The results of a poll of 10,000 young students from throughout the world were predicted. Canada was chosen as the top overseas study destination by 25% of those polled. The United States is ranked second, with 20 percent of pupils choosing it as their first choice.
For international students and skilled professionals alike, Canada has long eclipsed the United States as the favoured destination. And it’s no longer possible to blame the United States’ downfall on President Trump’s policies.
In nations like India, China, Vietnam, and other growing economies, there has been a distinct and noticeable shift in young students’ tastes.
Comparing Universities and Receiving a Letter of Acceptance
The first task at hand is to choose a university or institution in Canada where you want to study and submit your application as soon as possible. Obviously, you must develop a shortlist of possibilities so that you have backup universities in case your selected college does not respond positively.
This is important since you won’t be able to apply for a study permit until you have a letter of acceptance from a Designated Learning Institute. If you must submit language test results in order to be accepted, make sure you select a test that has been approved for the purpose of obtaining a study permit.
Are you eligible for SDS?
The Student Direct Stream is a shortcut to obtaining a study visa. The qualifying conditions remain the same, but individuals who are willing to meet the SDS’s additional requirements can acquire their permission in as little as 20 days.
The SDS list now includes 14 nations, with the following key requirements:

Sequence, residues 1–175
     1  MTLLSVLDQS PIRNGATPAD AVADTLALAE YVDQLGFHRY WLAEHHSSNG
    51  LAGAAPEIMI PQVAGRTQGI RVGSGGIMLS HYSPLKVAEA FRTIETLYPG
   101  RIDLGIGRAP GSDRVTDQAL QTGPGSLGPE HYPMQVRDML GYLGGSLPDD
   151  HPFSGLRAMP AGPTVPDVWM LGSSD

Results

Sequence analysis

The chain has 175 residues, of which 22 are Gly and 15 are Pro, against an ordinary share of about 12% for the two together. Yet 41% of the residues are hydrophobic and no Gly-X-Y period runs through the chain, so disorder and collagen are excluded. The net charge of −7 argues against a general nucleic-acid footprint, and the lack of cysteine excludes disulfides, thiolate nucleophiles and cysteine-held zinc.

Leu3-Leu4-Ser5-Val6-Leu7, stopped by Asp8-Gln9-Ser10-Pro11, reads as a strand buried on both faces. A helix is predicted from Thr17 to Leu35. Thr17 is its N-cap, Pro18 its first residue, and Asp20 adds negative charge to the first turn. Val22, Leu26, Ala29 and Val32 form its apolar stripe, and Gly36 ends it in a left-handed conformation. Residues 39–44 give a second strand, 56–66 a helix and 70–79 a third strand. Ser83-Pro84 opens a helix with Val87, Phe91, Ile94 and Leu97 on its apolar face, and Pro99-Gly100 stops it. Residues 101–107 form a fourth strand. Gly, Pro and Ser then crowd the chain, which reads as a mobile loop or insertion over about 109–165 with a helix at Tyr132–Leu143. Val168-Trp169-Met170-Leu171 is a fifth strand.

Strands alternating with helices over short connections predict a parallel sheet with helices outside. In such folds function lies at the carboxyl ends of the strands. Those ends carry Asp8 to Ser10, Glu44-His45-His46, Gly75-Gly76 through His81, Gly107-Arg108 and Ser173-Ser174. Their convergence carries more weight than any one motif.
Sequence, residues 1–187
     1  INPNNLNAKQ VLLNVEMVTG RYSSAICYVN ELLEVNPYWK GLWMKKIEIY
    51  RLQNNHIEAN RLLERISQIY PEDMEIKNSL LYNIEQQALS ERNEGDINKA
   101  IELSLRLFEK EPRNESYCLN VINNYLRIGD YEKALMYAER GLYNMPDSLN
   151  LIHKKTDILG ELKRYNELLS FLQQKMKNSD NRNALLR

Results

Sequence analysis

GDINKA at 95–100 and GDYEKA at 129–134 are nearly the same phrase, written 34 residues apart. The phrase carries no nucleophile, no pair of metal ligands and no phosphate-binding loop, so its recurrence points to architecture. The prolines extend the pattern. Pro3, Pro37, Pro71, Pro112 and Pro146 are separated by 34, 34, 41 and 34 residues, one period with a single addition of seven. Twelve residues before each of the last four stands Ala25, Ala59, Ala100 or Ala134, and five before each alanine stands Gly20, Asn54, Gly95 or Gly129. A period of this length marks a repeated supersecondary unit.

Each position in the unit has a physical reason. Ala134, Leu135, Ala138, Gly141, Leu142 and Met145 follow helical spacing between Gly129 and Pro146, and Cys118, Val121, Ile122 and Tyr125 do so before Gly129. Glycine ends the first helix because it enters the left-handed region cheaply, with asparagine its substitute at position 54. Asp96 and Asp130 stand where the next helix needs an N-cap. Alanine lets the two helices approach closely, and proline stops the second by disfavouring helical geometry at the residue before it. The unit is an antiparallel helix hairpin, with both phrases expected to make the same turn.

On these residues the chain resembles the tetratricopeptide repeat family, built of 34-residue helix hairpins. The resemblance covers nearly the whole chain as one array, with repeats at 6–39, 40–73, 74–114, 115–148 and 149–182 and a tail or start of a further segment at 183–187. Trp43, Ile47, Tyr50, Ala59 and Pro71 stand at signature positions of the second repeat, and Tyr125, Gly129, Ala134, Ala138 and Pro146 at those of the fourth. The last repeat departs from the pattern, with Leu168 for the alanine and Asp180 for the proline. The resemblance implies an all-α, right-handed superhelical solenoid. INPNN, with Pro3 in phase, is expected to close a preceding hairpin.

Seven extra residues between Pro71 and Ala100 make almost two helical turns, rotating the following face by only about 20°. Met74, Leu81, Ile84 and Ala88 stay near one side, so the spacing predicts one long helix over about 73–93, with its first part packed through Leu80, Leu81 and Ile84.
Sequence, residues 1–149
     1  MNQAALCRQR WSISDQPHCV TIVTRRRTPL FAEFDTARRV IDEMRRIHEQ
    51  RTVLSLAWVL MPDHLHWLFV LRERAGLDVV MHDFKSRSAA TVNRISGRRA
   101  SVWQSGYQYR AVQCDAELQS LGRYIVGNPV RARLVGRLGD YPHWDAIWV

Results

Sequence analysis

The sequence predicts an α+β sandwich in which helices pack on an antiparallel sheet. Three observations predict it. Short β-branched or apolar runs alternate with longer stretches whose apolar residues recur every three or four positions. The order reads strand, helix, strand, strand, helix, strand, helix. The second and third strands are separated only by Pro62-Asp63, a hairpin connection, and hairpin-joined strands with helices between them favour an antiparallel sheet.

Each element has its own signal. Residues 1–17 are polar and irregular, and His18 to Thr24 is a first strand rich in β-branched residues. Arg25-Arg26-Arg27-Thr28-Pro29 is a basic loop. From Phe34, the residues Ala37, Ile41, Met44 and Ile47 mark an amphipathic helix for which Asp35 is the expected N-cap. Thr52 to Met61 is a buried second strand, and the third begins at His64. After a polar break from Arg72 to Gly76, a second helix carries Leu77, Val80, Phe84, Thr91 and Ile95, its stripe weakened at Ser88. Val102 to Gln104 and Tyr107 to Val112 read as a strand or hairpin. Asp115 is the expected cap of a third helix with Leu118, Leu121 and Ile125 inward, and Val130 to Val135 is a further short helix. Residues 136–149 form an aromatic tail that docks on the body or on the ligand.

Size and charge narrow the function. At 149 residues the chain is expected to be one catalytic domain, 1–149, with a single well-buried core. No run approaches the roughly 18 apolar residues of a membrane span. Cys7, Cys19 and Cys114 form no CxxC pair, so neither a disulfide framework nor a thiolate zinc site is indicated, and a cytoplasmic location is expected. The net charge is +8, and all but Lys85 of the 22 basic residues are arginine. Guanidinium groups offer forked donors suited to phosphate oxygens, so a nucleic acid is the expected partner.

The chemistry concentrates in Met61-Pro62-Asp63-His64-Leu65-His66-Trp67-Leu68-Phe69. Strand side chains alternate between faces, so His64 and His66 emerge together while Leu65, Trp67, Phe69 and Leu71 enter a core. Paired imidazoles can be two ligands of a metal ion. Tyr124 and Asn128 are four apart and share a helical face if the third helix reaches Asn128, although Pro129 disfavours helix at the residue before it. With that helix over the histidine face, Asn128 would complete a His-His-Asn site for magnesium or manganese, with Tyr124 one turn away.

For English, you’ll need an IELTS score of 6.0 or a CLB score of 7 or higher. For French, you’ll need an IELTS score of 6.0 or higher.
Purchase a CAN$10,000 Guaranteed Investment Certificate (GIC) from one of the Canadian banks listed on the official SDS website.
The GIC serves as proof of financial responsibility, and the money will be returned to the student before the end of the first year of study.
Ensure that all documentation is in order
Obtaining a study visa entails more than just having an acceptance letter and proper test results. You must convince the Immigration Office that you are entitled to study in Canada. Furthermore, because this is a non-immigration permit, you must be able to demonstrate that you will return to your home country once your degree is completed.
You are free to look at options for staying in Canada, such as filing for a Post-Graduation Work Permit, other IMP work permits, TFWP work permits, or even direct permanent residency through Express Entry or any PNP stream.
If you do not qualify for a work visa or permanent residence, there should be no ambiguity or uncertainty regarding whether you will return home.
The documentation you submit with your study permit application will be used to examine this and other aspects of your eligibility.
Another argument for the need for documentation is that even minor errors might cause processing delays. As a result of the epidemic, there is a significant backlog of work and study permit applications.
The last thing you want is for your application to be held up due to questions or requests for further information and documents.
Consult with an Immigration Attorney
Is your DLI, as well as the course you’ve chosen, valid for a Post-Graduation Work Permit?
Is there a solid PNP track for overseas grads in the province where your college is located?
How do you get the one-year work experience you need to be eligible for the FSWP and Express Entry?
What if you need a vacation from your studies? What effect does this have on your standing?
When is the best time to apply for the PGWP? How can you avoid losing your status before your PGWP is approved?
You’ll have a lot of questions about the whole thing, and not all of them will be answered on the internet. Working with an immigration attorney will be a sensible choice that can help you avoid a lot of complications in the long run, especially because your study permit is likely to be a stepping stone towards a career in Canada.